I write this post, sipping hot tea, oblivious to the fact that today, the sun decided to shine in all its midday glory. Best of all, perhaps, is the fact that my little power house has taken a hiatus of sorts from mom, and has opted to stay with cucu, best grandma ever, and who has seemingly defied the idea of getting old. It has been a long while since I was this quiescent (August school holidays are here, and my toddler lives it up every single minute!), and the bliss of the moment got me thinking a lot about events that unfolded in the last weekend. This gave me the impetus for this particular post.


I stood there, slightly flummoxed at how fast I was losing it, how fast the world around me, mentally, was spinning. The kids were seemingly uncontrollable. I’d attend to one kid who’d just scraped his knee, only to find his friend doing somersaults and see another eating paper from the corner of my eye while his friend attempted to replicate WWE’s scenes. There is something that happens when kids have excessive energy, and no-where to expend it, yet here I was alone, and nothing I could do about it. To contain the hyper kids in a room only creates the ideal environment for what was unfolding before my eyes. But that was not what was bothering me…

It was the striking similarity of the emotions that I associated with these out-of-control scenarios that had me feeling stifled, like I was getting choked. Overwhelmed, under pressure, and feeling like there is little that I can do for normalcy’s sake. A tear rolled down my cheek, someone asked me what was wrong, and it was as though that was the cue for the torrential burst of tears that followed before I scampered to a lone place, away from the scrutiny of the public. If I explained why this was bothering me, it would seem like I was lulling her into my seemingly apathetic angst, like I wanted to run away from my responsibility of watching over the kids that chilly afternoon. So I hobbled away.

I stood there alone, recollecting what had just happened, and why, even months after healing from self-diagnosed Post-Partum Depression (PPD), this scenario almost always got the better of me. Flashbacks of my son’s first year flooded in, quite fast. Then, I’d cry about almost anything, I’d cry when he cried, I’d cry if he was colicky, I’d cry if he couldn’t latch on my breast properly during feeding, I’d cry when he smiled toothlessly (for thinking how bad of a mom I was for not appreciating him), I’d cry when, sleep-deprived and under the new-born haze, I felt like I’d never be able to deal with this dark cloud hanging over my then shaggy hair (something that resembled the nest where those marabou storks at Nyayo roundabout live).

Looking back, feeling overwhelmed almost always made me lose it. And it was almost always accompanied by the shrill cries in the wee hours of the morning, the decision I faced to either leave baby on his own or smack his 3-month old diapered butt for crying with no apparent reason (because, ain’t you well-fed, freshly diapered and warm??). Sometimes I beat him, sometimes I ignored him, most of the time I cried in desperation, only to wipe those tears away and dab my face with ice-cubes in time for his grandma to return from work. It was hard.

Those very emotions are what I felt standing there alone, the sound of rustling leaves beneath my feet. I realized that, much as I have made strides in healing from PPD, there are still sights and sounds, especially the latter, that will always get me. Today, I don’t smack my son, or slap him like I used to in that frustration. I have learnt am learning to walk away from the situation when it starts to feel like fog is descending on me. To sit alone in silence, even for just five minutes. To remind myself that I have made steps, and while I am not perfect, I am certainly not where I used to be. To breathe, deeply. To catch myself before I fall into the flinty pit of frustration. To stay on shore before I drift into the murky waters of self-destruction. This seemingly small event put so much in perspective about my PPD journey. It made me realize that, while the depression gradually fades when one gets help and support, the triggers do remain, albeit silently.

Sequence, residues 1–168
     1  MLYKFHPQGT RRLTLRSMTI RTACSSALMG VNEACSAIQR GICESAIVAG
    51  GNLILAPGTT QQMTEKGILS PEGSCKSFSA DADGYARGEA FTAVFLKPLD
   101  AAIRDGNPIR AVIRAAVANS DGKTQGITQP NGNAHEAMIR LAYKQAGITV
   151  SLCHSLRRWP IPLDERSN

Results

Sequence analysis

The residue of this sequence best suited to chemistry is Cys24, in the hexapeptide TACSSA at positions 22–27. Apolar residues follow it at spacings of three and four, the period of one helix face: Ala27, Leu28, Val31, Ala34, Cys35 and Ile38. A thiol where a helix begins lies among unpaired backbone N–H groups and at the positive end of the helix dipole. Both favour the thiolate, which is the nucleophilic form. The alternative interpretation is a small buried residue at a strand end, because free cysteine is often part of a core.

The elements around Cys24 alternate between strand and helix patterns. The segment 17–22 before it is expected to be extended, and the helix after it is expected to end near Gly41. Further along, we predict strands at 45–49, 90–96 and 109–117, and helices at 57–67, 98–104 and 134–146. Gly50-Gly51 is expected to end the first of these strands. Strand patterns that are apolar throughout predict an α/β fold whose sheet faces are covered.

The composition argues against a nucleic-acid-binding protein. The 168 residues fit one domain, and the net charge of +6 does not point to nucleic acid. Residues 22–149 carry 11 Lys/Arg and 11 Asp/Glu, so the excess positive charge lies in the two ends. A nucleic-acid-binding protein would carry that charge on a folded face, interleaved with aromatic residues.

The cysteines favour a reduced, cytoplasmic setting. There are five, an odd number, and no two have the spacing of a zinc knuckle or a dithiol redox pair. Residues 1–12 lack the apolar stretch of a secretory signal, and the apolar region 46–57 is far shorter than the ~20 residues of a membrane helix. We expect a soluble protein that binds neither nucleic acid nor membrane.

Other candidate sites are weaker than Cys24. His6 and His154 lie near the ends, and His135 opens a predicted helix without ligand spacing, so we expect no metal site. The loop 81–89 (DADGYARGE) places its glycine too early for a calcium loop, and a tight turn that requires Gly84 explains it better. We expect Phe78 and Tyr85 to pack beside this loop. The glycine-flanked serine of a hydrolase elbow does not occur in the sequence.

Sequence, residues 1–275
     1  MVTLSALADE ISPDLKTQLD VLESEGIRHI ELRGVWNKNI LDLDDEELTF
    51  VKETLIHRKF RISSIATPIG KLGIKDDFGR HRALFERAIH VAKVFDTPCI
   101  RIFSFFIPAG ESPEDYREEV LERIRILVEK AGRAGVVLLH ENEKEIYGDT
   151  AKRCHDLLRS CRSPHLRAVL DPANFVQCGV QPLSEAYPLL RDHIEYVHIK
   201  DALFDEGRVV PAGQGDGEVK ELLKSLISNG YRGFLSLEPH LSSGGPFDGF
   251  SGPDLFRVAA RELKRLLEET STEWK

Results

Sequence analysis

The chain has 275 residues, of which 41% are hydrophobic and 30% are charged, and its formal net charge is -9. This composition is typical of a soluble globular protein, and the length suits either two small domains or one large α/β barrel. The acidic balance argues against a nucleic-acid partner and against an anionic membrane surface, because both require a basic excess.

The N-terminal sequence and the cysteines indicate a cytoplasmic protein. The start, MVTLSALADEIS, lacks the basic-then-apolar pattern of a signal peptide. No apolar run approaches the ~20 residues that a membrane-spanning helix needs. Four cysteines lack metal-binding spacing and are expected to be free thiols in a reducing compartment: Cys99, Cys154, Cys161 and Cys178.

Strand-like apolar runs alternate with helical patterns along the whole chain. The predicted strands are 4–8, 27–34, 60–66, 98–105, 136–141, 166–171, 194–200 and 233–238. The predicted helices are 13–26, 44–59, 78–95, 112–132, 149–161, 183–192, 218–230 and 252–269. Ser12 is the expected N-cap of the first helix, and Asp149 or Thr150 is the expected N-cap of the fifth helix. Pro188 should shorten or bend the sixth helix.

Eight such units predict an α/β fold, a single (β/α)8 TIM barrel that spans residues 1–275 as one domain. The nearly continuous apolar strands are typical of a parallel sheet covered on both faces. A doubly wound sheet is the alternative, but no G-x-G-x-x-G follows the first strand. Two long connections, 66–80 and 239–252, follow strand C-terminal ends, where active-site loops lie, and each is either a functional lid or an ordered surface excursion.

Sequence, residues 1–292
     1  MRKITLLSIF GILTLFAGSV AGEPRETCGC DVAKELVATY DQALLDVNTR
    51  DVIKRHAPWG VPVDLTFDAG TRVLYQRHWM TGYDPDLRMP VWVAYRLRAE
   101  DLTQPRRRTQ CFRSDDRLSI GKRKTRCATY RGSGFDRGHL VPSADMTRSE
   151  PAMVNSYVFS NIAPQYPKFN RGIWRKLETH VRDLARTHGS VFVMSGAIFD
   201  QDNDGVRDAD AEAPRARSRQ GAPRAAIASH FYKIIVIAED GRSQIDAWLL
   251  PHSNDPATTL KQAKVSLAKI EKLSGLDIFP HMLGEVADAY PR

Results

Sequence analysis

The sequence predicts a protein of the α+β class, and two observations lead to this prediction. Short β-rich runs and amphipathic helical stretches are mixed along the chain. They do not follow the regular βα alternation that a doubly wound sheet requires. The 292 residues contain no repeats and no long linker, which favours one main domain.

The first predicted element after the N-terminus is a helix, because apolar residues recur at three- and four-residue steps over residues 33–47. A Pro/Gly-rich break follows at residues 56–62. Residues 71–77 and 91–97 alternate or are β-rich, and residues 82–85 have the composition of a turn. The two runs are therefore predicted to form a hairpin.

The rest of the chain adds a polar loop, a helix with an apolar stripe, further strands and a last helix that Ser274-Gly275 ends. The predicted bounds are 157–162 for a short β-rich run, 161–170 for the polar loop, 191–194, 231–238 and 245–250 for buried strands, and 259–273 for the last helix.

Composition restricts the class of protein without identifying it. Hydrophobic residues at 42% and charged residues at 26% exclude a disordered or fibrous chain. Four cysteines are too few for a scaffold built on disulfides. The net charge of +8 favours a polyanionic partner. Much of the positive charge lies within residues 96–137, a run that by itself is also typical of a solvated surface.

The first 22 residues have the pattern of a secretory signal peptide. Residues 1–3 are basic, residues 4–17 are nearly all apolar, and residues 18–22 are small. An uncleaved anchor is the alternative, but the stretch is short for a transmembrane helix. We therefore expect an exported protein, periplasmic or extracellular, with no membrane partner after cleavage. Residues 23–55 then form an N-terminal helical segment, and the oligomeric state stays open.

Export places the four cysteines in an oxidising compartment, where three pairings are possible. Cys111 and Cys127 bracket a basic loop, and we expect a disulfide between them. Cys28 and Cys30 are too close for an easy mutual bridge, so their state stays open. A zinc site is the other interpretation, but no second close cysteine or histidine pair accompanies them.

2015-07-10 00.26.03-1

Featured Image Photo Credits: Samir Dave

You may also like


  1. I particularly love this post. Been reading through your blog n I’ve got to say.. These posts are well-written, so informative and are as relevant as they get! Good job ma.

  2. Beautifully said. I don’t have a child, but I helped raised my sisters….. Feeling overwhelmed is a feeling I know all too well… I can imagine I must just be worse for you. .. But all is well, Jr is well, mum is well, and best of all, if you can write without breaking down, you will be well…

    1. Hey hun, you relate to the constant fatigue, tiredeness.. it can take a toll on even the strongest person, thanks for your support, glad we are well now, my little man and I 🙂

  3. honey…very candid post. always love that about your writing. proud u have made so much progress …only moving forward never backwards.. Love you guise. xoxo.

    1. with candor comes vulnerability, yet it is the same candid approach that helped me through my PPD, owing it to friends like you. forward, forward. Jay and I love you sana!!

  4. This is so beautiful and honest. I think it’s important to share your story about how PPD can last a long time. It’s not always a short feeling, but a journey that needs time to heal and may come back to the surface. Thinking of you.

    1. Sometimes it slips our mind that healing is continuous, long-term. and triggers, while having the ability to throw us off-balance, is a gentle reminder of the strides made, like you said, a journey. I appreciate you Courtney.

Leave a Reply

Your email address will not be published. Required fields are marked *

CommentLuv badge